These words, inscribed on a panel by the enclosure where the last of his race, the Pinta Island tortoise called Lonesome George, are no longer needed. George died on June 24, 2012, at an undetermined age, but likely more than 100 years. Even so, his actual death is merely a symbol of extinction, since he was the only one of his kind left. Without a mate for George, this species was doomed.
Perhaps George’s death, however, will impress people with the power of our own species to doom or to save others. The thoughtless short-term thinking so common among humans ignores the long-term effects of our actions. During the 1800s, whalers, fur sealers, and other seafaring folks raided the Galapagos Islands for food. The giant land tortoises that populated the islands were perfect for long-term storage, as they could survive for a year or more on a ship without eating or drinking. Their diluted urine provided drinking water as well. The Pinta tortoise population was hit the hardest by this exploitation because Pinta is the farthest north of the islands and thus the last one visited when the sailors left for the open sea.
By 1959 the tortoises had just about disappeared from Pinta. Some fishermen released three goats there, knowing they would reproduce to make island meat once more available to ships. The goat population exploded, devastating the island vegetation and dooming any animals that depended on it for survival.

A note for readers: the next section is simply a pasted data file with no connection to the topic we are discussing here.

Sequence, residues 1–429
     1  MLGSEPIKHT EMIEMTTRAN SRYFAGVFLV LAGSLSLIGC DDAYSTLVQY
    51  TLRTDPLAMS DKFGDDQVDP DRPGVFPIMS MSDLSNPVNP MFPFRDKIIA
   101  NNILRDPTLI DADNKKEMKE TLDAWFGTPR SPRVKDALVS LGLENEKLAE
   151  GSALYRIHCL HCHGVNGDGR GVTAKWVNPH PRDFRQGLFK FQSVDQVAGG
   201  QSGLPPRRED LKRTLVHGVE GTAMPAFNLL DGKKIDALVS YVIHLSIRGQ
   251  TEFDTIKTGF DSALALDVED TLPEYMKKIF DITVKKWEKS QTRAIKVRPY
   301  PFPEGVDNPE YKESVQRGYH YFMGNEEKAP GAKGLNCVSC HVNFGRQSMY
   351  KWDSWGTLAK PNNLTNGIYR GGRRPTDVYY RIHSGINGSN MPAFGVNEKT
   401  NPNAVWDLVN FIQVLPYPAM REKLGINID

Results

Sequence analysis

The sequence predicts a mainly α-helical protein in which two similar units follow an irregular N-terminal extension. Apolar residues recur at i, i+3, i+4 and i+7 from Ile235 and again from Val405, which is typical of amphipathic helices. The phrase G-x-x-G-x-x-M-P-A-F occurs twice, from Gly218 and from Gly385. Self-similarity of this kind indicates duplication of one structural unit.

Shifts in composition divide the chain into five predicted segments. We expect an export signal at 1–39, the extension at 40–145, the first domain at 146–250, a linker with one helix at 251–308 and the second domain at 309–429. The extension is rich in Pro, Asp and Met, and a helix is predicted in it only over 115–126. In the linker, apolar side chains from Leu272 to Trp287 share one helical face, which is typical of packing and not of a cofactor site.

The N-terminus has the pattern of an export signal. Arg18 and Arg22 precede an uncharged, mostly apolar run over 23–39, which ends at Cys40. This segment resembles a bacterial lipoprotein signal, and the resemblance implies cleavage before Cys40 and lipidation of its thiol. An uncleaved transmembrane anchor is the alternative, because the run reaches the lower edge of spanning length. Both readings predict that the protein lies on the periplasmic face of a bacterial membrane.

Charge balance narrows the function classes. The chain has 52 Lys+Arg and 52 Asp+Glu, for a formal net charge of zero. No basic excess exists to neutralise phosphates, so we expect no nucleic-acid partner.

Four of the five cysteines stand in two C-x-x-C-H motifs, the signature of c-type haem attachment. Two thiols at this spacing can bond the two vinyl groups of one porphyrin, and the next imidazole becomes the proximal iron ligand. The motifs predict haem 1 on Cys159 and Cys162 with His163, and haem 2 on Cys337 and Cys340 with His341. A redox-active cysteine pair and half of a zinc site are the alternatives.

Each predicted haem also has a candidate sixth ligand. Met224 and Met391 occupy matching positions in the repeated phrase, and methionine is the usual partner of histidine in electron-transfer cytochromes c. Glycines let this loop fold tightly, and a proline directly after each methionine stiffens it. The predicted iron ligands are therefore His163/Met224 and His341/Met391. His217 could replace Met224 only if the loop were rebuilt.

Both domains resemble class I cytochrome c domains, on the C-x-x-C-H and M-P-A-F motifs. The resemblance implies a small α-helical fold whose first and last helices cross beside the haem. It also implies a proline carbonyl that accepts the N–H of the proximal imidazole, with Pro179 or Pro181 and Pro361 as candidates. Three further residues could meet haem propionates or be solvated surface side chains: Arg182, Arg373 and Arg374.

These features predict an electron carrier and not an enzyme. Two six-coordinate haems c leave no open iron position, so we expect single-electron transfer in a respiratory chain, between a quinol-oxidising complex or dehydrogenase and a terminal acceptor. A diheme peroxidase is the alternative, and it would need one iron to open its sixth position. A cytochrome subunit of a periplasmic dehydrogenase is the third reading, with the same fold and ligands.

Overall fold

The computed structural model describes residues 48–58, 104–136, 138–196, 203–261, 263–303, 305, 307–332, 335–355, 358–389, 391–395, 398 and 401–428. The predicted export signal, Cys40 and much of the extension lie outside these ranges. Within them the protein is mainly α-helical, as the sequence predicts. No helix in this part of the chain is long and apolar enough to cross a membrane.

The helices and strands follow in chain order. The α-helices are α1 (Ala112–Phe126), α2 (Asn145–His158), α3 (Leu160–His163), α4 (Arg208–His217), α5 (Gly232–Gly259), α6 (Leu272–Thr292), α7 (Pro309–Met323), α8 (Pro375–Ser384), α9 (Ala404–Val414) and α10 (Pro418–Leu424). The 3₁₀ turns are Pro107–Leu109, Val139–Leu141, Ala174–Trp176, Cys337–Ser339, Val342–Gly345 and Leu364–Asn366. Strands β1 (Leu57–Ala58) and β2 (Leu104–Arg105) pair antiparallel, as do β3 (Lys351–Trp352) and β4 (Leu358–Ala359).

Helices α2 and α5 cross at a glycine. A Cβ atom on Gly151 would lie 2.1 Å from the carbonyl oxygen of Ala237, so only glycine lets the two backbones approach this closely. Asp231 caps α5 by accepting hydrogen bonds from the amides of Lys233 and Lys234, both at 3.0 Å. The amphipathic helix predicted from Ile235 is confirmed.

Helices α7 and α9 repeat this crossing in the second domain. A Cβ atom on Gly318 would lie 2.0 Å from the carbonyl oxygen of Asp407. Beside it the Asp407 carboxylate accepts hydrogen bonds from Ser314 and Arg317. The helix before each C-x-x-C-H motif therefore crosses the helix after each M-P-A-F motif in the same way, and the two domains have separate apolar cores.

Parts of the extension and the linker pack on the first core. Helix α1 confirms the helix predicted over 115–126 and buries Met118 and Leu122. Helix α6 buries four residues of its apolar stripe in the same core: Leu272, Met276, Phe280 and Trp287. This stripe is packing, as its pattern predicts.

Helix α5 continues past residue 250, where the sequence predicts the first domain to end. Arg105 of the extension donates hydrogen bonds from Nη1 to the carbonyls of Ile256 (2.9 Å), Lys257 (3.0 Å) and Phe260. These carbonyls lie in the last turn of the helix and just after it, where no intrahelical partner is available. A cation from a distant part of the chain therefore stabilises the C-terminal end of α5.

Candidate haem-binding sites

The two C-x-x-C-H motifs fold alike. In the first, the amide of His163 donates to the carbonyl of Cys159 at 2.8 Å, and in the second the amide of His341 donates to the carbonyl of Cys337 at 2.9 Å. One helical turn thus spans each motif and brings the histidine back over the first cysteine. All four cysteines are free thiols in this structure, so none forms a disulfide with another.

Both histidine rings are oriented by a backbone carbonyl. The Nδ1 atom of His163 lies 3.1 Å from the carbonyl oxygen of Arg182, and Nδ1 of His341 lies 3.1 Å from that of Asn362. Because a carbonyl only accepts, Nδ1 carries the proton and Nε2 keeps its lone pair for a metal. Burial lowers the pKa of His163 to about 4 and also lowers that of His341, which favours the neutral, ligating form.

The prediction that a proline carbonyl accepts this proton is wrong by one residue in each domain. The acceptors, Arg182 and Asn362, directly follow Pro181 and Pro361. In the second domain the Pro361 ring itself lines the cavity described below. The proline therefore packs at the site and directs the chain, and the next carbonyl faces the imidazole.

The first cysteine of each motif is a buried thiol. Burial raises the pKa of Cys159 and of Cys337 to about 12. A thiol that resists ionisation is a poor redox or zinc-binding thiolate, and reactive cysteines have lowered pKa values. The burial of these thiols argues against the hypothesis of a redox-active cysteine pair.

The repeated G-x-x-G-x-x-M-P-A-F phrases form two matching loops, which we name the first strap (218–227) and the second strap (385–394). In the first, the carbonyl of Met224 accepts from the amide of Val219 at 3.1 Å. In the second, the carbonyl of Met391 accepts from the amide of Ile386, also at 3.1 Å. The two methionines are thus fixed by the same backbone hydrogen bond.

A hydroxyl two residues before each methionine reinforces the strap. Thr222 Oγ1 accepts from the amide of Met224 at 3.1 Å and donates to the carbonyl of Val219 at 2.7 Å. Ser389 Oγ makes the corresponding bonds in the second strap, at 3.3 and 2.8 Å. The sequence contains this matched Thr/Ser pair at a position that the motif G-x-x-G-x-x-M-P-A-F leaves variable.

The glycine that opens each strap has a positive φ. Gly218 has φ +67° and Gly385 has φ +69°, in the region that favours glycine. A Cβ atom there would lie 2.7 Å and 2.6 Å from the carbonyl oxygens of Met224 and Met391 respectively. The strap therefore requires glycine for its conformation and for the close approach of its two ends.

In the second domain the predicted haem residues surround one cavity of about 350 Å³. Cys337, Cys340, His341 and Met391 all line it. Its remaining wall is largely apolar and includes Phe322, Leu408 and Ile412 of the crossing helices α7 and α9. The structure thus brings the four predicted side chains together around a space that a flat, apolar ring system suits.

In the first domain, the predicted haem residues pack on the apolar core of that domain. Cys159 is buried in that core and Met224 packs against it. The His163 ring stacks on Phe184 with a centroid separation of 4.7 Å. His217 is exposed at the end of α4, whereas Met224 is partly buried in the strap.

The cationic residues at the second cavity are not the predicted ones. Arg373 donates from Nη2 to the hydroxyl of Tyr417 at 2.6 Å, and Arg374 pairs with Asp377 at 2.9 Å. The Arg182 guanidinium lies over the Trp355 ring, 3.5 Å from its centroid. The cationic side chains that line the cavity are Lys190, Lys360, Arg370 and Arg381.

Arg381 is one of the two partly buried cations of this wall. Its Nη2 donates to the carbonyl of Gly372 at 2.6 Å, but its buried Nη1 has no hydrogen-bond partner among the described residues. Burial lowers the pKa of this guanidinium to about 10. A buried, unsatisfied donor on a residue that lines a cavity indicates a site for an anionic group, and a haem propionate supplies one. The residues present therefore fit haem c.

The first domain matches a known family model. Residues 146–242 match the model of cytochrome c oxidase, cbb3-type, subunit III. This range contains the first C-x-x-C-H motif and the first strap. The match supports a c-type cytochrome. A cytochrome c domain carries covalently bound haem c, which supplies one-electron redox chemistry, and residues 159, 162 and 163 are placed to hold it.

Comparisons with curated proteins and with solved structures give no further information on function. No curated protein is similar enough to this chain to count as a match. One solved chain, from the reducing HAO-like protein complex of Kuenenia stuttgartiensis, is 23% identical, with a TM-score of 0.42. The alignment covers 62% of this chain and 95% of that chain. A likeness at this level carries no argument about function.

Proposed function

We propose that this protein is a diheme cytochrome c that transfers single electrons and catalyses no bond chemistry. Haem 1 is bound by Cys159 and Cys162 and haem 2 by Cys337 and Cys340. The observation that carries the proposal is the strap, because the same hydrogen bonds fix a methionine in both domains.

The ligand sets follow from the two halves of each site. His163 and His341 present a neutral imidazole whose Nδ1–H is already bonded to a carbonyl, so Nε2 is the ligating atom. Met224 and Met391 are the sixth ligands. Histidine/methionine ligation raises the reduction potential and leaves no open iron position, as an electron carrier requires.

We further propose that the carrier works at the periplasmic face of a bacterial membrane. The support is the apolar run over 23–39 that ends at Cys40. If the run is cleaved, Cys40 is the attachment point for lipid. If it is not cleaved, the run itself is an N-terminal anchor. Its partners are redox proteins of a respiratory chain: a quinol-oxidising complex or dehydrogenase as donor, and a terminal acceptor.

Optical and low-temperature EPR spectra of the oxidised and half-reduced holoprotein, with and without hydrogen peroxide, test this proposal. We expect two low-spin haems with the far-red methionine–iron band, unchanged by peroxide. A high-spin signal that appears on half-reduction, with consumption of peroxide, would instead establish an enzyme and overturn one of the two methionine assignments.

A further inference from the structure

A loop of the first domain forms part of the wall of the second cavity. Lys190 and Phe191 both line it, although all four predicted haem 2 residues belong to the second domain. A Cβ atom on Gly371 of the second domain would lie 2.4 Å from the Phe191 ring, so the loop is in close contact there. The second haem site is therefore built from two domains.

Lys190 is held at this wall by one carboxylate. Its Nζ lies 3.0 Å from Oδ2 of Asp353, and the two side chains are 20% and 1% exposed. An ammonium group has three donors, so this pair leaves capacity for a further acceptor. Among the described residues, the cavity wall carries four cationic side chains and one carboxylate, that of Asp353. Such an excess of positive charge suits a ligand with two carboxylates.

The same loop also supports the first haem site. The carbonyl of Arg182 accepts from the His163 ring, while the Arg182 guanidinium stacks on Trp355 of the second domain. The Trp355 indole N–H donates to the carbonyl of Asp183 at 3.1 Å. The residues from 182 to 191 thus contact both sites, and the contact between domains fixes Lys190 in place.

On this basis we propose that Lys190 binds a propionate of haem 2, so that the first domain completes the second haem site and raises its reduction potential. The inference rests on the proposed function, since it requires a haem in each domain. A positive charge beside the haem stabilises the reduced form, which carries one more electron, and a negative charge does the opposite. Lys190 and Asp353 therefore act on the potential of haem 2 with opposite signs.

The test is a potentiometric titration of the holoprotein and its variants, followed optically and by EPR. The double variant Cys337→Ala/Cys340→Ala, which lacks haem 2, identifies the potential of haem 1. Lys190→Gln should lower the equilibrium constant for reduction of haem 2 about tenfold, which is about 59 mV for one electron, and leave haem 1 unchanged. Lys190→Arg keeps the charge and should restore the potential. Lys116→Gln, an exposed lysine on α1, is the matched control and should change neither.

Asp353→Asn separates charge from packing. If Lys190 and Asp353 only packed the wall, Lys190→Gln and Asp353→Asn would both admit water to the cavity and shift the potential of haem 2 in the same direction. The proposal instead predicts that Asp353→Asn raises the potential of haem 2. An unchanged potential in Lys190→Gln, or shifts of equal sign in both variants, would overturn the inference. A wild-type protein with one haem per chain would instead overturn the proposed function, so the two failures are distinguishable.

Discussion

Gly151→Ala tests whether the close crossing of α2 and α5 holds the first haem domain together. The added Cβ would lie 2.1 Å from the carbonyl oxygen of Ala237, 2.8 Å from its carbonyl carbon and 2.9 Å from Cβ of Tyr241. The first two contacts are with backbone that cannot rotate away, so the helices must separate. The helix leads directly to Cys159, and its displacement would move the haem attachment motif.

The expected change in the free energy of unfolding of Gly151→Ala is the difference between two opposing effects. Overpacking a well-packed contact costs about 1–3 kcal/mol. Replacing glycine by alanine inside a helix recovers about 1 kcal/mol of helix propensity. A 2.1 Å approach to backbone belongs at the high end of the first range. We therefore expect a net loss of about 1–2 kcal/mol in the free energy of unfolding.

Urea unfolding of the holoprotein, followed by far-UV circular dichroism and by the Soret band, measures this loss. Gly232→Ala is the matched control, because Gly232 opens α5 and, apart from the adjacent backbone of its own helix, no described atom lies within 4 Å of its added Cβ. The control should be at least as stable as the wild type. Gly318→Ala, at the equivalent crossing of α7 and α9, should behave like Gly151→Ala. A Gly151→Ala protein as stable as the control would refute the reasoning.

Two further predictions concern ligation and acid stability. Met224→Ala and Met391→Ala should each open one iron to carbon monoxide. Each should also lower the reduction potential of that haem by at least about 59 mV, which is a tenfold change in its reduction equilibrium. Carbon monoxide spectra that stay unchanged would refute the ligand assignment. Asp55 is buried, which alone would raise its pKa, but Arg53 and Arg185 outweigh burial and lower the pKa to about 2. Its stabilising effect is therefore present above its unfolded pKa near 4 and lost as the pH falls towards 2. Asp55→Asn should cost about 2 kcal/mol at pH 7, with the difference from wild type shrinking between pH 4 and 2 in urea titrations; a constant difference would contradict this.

In 1979, a scientist studying snails came across George, who was soon brought to the Tortoise Center on nearby Santa Cruz Island for protection. But hopes of finding a mate for George and thus saving his species faded with the years, and Lonesome George became what he remains after his death, a symbol of careless exploitation by humans.
Now, after careful restoration of his remains, Lonesome George is on exhibit at the American Museum of Natural History until January 4, 2015, after which he will be returned to Ecuador. The plaque overlooking his old corral now reads, “We promise to tell your story and to share your conservation message.”
Some good news! Unlike the Pinta subspecies, conservationists have managed to help bring back the tortoises on the Galapagos island of Espanola from a low of only 16 to a population of more than 1,000 now living on their home island. Here, scientists are recording information about the tortoises in their native environment. Photo : Flickr: Sebastian Keynes via Christian Zeigler
Read how one endangered species got returned to its natural home and thrived in Dorothy's book, When the Wolves Returned: Restoring Nature's Balance in Yellowstone. She says " I loved writing this book, which describes the positive changes in the ecology of the park that are happening since the wolves came back--healthier willows, more beavers and small predators, more song birds, and more. Wolves have also returned to several western states around Yellowstone, including Montana, and their presence there is also helping restore the natural environment."
Dorothy Patent is a member of Authors on Call. You can bring her to your school via our Zoom Room. Here's a link to her program on wolves.
MLA 8 Citation